Anyway, I digress. I liked Christian Grey and I wanted to find similar books. Enter Kristen Ashley. I almost did not read her books because of some negative reviews that complained of tedious descriptions of places, what a character was wearing or just mundane activities. I like prose to be snappy. But I was glad I took a leap of faith and read my first Kristen Ashley book, The Gamble. I was hooked. I absolutely loved her Alpha males. Sure, the book could have used some good editing, but she could write one heck of a story with a lot of heart and did I mention her male heroes are absolutely swoonworthy? I devoured all her books in a couple of weeks. And I can say my favorite was Sweet Dreams, followed by Motorcycle Man. I also liked her Rock Chick series book #1 with Indie and Lee Nightingale, but my favorite was Rock Chick Revenge (#5) with Luke and Ava. However, I have a feeling when Rock Chick #8 (Ren and Ally) comes out, this might change. I liked her Burg series too, especially Games of the Heart (Mike and Dusty) — this book didn’t have any big mystery or serial killer but the development of the relationship between the two protagonists was just so well-written and real. There was a bit of angst in the beginning but there was no stupid misunderstandings that kept them apart. Her paranormal books are also good, Penmort Castle, Somersgate house, Lacybourne Manor and Fairy Tale Come Alive. I’m looking forward to her Chaos Series which is a spin-off of Motorcycle Man.
Wait for Me ~ Elisabeth Naughton ~ I bought this book when it was on sale for 99 cents and it was romantic suspense at its best. I was sucked in from the first pages and the emotional turmoil that the characters go through are so heart-wrenching. I liked the plot, the twist and turns are interesting without being absurd, and one of the best books about second chances. Do not wait to read this book!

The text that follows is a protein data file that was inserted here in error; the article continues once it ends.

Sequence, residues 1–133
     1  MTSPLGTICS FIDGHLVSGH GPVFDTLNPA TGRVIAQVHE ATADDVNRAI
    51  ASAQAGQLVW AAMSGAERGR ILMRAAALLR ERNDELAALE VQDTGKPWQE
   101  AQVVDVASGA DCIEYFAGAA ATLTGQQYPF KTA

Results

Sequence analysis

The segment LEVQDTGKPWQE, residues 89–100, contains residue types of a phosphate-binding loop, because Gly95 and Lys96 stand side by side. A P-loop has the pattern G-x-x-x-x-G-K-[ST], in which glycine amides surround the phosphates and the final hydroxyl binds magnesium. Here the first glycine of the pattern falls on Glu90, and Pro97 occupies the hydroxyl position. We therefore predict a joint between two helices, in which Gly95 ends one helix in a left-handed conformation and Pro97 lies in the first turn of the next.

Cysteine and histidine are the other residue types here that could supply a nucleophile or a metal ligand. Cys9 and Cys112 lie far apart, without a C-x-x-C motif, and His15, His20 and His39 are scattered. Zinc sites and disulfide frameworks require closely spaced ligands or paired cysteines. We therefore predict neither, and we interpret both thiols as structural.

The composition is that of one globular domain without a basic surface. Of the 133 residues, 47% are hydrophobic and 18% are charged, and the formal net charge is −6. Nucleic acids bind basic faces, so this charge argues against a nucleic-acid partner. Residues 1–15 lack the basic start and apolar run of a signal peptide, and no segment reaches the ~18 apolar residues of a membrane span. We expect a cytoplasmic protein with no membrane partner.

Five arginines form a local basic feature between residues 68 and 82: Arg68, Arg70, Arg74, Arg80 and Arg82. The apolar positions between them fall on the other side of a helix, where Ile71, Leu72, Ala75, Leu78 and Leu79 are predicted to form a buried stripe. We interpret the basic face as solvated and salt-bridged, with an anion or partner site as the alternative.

WallBanger ~ Alice Clayton ~ this was so funny. I enjoyed the relationship development. Had me in tears laughing towards the end, I had to put the book down to wipe my eyes.
Beauty from Pain ~ Georgia Cates. I really liked the female lead in this one. Even if she was hurting, she did not grovel. This ends with a cliffhanger and I can’t wait for the second book.
Escorted ~ Claire Kent ~ I didn’t think I would like this because it was like Pretty Woman in reverse. The author’s male protagonists are not real Alpha males but I would define them as quietly strong and solid. The female lead needs to get rid of her virginity and hires a male escort to do it. What happens next is what neither of them expects.
I have many books rated 4 stars, but really should be 4.5 except Goodreads will not let you rate in half points and are worth mentioning here:
On Dublin Street ~ Samantha Young ~ Well, you’ve got sexy Braden Carmichael in all-controlling, alpha-male, dirty-talking glory. The reason this didn’t get five stars is that the heroine annoyed me sometimes.